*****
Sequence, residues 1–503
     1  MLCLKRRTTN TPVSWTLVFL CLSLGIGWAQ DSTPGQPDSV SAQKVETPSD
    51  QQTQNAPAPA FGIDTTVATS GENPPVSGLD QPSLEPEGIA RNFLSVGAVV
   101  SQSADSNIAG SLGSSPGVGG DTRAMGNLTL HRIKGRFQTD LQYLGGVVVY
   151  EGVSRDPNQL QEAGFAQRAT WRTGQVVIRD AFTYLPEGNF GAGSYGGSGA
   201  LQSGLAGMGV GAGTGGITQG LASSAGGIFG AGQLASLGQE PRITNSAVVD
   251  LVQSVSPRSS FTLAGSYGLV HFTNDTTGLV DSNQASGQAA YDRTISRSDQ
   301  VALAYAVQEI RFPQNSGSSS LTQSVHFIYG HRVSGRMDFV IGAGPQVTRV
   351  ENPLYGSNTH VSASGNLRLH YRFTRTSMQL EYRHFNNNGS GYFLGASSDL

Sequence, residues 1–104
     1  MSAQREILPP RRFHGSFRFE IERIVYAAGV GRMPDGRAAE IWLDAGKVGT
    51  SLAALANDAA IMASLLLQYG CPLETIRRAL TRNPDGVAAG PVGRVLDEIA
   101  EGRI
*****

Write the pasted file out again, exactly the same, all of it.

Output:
Sequence, residues 1–503
     1  MLCLKRRTTN TPVSWTLVFL CLSLGIGWAQ DSTPGQPDSV SAQKVETPSD
    51  QQTQNAPAPA FGIDTTVATS GENPPVSGLD QPSLEPEGIA RNFLSVGAVV
   101  SQSADSNIAG SLGSSPGVGG DTRAMGNLTL HRIKGRFQTD LQYLGGVVVY
   151  EGVSRDPNQL QEAGFAQRAT WRTGQVVIRD AFTYLPEGNF GAGSYGGSGA
   201  LQSGLAGMGV GAGTGGITQG LASSAGGIFG AGQLASLGQE PRITNSAVVD
   251  LVQSVSPRSS FTLAGSYGLV HFTNDTTGLV DSNQASGQAA YDRTISRSDQ
   301  VALAYAVQEI RFPQNSGSSS LTQSVHFIYG HRVSGRMDFV IGAGPQVTRV
   351  ENPLYGSNTH VSASGNLRLH YRFTRTSMQL EYRHFNNNGS GYFLGASSDL

Sequence, residues 1–104
     1  MSAQREILPP RRFHGSFRFE IERIVYAAGV GRMPDGRAAE IWLDAGKVGT
    51  SLAALANDAA IMASLLLQYG CPLETIRRAL TRNPDGVAAG PVGRVLDEIA
   101  EGRI